The hepatorenal recess is on the inferior right aspect of the liver and separates it from the kidney anterior inferiorly and the suprarenal gland posterior inferiorly.

Subphrenic recess

Subphrenic recess

Lymphatic Drainage

The lymphatic drainage is governed mainly by the hepatic nodes which can be found around the porta hepatis. From there they continue to the celiac nodes and eventually drain into the cisterna chyli.

Celiac lymph nodes - ventral view

Celiac lymph nodes - ventral view

Recommended video: Lymphatics of stomach and liver
Lymph nodes and vessels of the stomach and liver.

Blood Supply

The liver is a special organ in the sense that it receives more venous blood than arterial blood and this is due to the fact that the liver helps clean the blood via detoxification. The majority of the vascular supply is brought into the organ by the portal vein and the rest from the hepatic artery. The hepatic veins drain the blood supply to the liver and they are formed by the union of the central veins which drain directly into the inferior vena cava just before it passes through the diaphragm.

Hepatic portal vein - ventral view

Hepatic portal vein - ventral view

Recommended video: Arteries of stomach, liver and spleen
Arteries which supply the stomach, liver and spleen.


The nervous supply of the liver comes from the hepatic plexus which travels along with the hepatic artery and the portal vein. The liver also receives sympathetic fibers from the celiac plexus and parasympathetic fibers from the anterior and posterior vagal trunks.

Hepatic plexus - ventral view

Hepatic plexus - ventral view

Clinical Aspects

The characteristic clinical signs of severe hepatic dysfunction include:

  • jaundice and cholestasis
  • hypoalbuminemia
  • hyperammonemia
  • hypoglycemia
  • palmar erythema
  • spider angiomas
  • hypogonadism
  • gynecomastia
  • weight loss
  • muscle wasting

If one or more of the previously mentioned symptoms is present, a blood test is performed to test the liver’s hepatocyte integrity, biliary excretory function and hepatocyte function. The most common hepatic disorders include hepatic failure, cirrhosis, portal hypertension and cholestasis.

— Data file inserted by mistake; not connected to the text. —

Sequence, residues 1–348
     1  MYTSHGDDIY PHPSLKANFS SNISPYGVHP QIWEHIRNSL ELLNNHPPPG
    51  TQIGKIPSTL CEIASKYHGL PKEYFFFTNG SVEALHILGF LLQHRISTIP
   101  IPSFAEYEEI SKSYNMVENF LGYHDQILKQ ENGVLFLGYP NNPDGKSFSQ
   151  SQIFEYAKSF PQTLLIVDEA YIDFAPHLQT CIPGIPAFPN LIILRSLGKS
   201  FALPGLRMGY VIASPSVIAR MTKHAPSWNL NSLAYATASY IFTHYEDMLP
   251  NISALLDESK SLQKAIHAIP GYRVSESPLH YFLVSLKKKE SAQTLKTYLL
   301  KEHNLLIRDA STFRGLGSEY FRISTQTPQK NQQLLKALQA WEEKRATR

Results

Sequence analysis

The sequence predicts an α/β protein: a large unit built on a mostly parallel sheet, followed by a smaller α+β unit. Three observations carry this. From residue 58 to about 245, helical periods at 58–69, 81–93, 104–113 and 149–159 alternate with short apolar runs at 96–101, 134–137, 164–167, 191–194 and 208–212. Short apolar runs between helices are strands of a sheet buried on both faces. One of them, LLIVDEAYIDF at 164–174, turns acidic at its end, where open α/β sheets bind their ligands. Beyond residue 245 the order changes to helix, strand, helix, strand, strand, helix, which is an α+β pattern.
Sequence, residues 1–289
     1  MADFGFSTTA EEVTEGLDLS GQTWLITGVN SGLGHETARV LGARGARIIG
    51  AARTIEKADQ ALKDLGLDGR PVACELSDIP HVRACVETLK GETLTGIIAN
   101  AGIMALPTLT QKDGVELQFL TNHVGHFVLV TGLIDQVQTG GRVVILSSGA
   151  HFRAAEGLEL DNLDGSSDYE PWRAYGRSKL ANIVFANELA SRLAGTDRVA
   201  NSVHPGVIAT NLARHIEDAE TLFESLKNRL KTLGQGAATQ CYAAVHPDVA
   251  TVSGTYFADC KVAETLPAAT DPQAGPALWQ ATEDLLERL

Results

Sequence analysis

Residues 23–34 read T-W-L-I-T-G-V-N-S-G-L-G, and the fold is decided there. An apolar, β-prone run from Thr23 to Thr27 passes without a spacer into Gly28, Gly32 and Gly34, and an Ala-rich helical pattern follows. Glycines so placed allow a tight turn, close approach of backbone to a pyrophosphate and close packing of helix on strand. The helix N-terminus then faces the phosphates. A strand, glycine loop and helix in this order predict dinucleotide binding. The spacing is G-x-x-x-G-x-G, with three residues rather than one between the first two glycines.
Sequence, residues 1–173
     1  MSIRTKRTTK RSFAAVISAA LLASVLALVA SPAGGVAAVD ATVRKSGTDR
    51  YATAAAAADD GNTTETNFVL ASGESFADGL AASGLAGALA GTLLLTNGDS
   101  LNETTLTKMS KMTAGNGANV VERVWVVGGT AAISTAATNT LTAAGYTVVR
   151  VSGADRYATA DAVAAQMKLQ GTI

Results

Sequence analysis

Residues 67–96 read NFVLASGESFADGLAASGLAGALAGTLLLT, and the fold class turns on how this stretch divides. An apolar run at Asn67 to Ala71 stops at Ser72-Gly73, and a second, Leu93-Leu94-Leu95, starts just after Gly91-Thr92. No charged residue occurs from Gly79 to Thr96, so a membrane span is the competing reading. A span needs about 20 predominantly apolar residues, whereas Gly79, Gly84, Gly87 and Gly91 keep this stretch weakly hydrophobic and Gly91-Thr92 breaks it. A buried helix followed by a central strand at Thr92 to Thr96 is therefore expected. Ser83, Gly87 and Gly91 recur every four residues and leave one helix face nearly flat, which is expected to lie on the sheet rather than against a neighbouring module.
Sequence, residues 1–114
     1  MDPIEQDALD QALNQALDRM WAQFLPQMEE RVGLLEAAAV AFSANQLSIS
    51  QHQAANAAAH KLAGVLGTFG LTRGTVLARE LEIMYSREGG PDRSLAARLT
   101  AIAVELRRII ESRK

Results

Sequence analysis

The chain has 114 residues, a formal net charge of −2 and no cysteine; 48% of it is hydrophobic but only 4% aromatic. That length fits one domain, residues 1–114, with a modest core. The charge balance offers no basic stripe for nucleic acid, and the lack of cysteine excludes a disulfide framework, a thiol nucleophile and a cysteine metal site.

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Show references


  • Neil S. Norton, Ph.D. and Frank H. Netter, MD, Netter’s Head and Neck Anatomy for Dentistry, 2nd Edition, Elsevier Saunders, Chapter 22 Introduction to the Upper Limb, Back, Thorax and Abdomen, Page 593 to 594.
  • Frank H. Netter, MD, Atlas of Human Anatomy, Fifth Edition, Saunders - Elsevier, Chapter 4 Abdomen, Subchapter 28 Viscera (Accessory Organs), Guide  Abdomen: Viscera (Accessory Organs) - Liver Page 148 to 149.
  • Kumar, Abbas and Aster, Robbins Basic Pathology, 9th Edition, Elsevier - Saunders, Chapter 15 Liver, Gallbladder and Biliary Tract, The Liver, Clinical Syndromes, Table 15.1 and 15.2, Page 604.


  • Dr. Alexandra Sieroslawska


  • Right lobe of the liver - ventral view - Irina Münstermann
  • Quadrate lobe - caudal view -  Irina Münstermann
  • Visceral surface of right lobe of the liver - dorsal view - Irina Münstermann
  • Porta hepatis - caudal view - Irina Münstermann
  • Subphrenic recess - Paul Kim
  • Celiac lymph nodes - ventral view - Esther Gollan
  • Hepatic portal vein - ventral view - Begoña Rodriguez
  • Hepatic plexus - ventral view - Irina Münstermann
© Unless stated otherwise, all content, including illustrations are exclusive property of Kenhub GmbH, and are protected by German and international copyright laws. All rights reserved.

Related Atlas Images

Liver in situ

Anterior view of the liver

Inferior view of the liver